The working group today also released responses (PDF) to the online survey and comments received about the draft report.

The full Report of Findings and Recommendations (PDF) is available for downloading and on the County's webpage for the Opioid Response Working Group.


Commission for Women Sub-Group to Coordinate Education and Criminal Justice Approaches 

Baltimore County Executive Kevin Kamenetz announced today that the Baltimore County Commission for Women will establish a cross-functional work group to address the complex issue of human trafficking in coordination with the County’s Criminal Justice Coordinating Council. The work group will take a victim-centered approach as they work to reduce trafficking and protect victims by providing them with the resources they need in partnership with a variety of organizations, including non-profits and regional counterparts across the state.

"Human trafficking is a horrific practice that has absolutely no place in Baltimore County or anywhere,” said Baltimore County Executive Kevin Kamenetz. “The vulnerable women, children and men who are victimized need our help and protection and we plan to work together to quickly identify actions we can take to address this challenging problem.”

The work group will select a member to be a permanent member of the County’s Criminal Justice Coordinating Council (CJCC) and the Chair of the CJCC will approve the membership of the work group, which will be comprised of a team of professionals and individuals from the Commission for Women and representatives from law enforcement, education, social services and the health and legal fields. Individual members must be County residents with a proven history and involvement in public advocacy. 

The Criminal Justice Coordinating Council’s Leadership Role

The CJCC membership includes the Baltimore County Chief of Police, Sheriff, State’s Attorney, Chief Administrative Judges of the Circuit and District Courts, Public Defender, Department of Corrections Director, Director of Health and Human Services, School Superintendent and the Criminal Justice Coordinator; as well as the Regional Director of the Maryland Department of Juvenile Services and the Community Supervision Director of the Maryland Department of Public Safety and Correctional Services and others.  

The CJCC provides coordinated leadership to establish cohesive criminal justice strategies, policies and programs; identifies deficiencies, and formulates policy, plans and programs for improvement. They also collaborate to maximize resources and raise funds to support criminal justice programs.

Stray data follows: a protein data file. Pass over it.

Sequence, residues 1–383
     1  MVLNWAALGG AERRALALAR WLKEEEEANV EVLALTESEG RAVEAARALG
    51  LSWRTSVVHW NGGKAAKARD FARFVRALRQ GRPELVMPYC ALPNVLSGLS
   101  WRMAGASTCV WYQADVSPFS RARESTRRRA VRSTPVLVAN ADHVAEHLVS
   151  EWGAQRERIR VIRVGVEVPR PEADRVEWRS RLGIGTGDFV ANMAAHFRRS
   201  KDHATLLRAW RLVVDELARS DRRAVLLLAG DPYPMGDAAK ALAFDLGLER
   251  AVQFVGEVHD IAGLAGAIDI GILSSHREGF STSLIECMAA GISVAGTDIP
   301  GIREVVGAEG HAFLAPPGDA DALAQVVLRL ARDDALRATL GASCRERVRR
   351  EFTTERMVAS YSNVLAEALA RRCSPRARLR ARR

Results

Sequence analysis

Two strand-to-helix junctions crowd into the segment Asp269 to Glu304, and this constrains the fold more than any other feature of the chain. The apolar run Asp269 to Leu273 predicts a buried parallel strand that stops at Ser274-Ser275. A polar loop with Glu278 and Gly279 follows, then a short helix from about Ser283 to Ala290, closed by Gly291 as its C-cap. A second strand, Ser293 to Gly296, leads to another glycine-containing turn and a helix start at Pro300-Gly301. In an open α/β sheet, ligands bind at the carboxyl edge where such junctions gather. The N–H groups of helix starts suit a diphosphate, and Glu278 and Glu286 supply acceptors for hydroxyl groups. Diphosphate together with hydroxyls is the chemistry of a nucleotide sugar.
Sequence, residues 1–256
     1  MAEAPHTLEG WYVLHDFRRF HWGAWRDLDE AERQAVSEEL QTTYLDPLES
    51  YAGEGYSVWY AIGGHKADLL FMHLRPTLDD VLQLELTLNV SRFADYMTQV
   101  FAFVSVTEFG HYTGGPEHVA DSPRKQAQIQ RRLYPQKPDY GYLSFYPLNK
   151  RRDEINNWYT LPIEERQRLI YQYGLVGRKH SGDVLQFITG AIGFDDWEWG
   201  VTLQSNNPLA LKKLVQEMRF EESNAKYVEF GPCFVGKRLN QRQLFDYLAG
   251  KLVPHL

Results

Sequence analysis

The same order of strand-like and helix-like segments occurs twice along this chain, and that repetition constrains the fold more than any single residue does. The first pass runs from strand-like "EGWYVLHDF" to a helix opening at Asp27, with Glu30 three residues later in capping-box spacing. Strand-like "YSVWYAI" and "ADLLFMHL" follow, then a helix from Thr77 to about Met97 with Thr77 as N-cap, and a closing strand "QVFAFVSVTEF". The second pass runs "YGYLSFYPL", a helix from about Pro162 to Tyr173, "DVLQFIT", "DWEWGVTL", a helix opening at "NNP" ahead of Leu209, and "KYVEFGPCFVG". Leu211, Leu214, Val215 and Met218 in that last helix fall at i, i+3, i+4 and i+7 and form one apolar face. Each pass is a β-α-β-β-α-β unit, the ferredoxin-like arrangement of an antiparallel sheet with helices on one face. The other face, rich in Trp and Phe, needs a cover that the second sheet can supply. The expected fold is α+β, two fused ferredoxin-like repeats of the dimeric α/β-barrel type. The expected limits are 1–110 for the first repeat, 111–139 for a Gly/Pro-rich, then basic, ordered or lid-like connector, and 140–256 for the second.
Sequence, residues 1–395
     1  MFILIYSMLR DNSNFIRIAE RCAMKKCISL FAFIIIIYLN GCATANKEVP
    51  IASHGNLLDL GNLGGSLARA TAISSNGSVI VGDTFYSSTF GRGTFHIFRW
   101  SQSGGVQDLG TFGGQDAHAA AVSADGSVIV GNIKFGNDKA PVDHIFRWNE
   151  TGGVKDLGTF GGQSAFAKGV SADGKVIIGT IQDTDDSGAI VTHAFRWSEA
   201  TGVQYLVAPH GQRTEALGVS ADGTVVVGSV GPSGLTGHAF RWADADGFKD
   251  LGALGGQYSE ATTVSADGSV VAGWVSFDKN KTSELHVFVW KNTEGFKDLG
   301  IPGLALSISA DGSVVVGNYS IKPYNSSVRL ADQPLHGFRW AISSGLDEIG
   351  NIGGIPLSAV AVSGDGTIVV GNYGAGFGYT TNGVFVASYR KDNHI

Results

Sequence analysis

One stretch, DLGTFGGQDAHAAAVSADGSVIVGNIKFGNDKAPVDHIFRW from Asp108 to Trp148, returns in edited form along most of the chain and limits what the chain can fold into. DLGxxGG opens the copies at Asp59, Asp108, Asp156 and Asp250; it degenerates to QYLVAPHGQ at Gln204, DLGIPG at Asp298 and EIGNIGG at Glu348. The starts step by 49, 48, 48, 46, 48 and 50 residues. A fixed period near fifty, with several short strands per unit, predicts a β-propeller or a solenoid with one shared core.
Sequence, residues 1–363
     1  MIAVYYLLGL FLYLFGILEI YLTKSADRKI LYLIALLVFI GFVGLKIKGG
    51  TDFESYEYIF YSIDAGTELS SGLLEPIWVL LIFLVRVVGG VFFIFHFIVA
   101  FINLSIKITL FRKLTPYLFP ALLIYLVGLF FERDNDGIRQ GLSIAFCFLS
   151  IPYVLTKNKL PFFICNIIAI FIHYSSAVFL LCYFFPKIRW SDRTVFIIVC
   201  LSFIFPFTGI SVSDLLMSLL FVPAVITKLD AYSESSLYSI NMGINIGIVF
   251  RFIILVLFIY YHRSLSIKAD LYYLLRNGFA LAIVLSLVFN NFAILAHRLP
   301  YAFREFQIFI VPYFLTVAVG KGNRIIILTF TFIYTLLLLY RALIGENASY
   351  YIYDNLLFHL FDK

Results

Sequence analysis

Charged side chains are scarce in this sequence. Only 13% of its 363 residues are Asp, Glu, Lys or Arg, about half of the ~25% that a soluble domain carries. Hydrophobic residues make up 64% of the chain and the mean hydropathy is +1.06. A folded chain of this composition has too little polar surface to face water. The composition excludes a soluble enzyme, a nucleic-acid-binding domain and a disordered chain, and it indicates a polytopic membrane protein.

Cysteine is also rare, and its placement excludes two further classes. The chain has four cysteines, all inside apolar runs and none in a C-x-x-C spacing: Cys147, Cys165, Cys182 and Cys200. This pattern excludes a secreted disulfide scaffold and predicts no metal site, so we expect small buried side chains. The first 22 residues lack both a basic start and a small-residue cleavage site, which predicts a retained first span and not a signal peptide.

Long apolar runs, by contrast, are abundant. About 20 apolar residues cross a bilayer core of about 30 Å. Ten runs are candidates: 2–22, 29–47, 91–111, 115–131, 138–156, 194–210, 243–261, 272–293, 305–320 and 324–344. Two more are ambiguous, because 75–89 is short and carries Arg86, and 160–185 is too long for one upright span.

A Focus on Victims

The Human Trafficking Work Group will be committed to a victim-centered approach and is charged with recommending a more comprehensive, specialized and coordinated response to victims’ long-term needs, including a review of coordination related to State policies and protocols.

Commission for Women President, Bella Santos Owens, said, “Six years ago, when only a few were talking in our community about human trafficking, we were already raising awareness on this issue. The Commission for Women knew that behind the silence are the struggles of real human beings. We persisted. We are very proud that an official work group has been formed by the County – upon the Commission’s proposal – dedicated to finding the gaps that exist between human trafficking victim services and policies. This confirms our view that human trafficking is a crime that is in our backyard and needs to be addressed.”

About Human Trafficking

Baltimore County ranks third in Maryland in occurrences of human trafficking, behind Baltimore City and Prince George’s County, according to the Maryland Department of Human Services. The National Human Trafficking Hotline received 30,918 reports in 2016. The International Labor Organization estimates that human trafficking is a $150 billion industry worldwide.

More information about human trafficking is available through the National Human Trafficking Hotline, at 1-888-373-7888, where you can learn about the types and signs of human trafficking.

If someone suspects human trafficking activity in Baltimore County, they are advised to call 9-1-1 to report their concerns. 


 
 
Revised September 11, 2017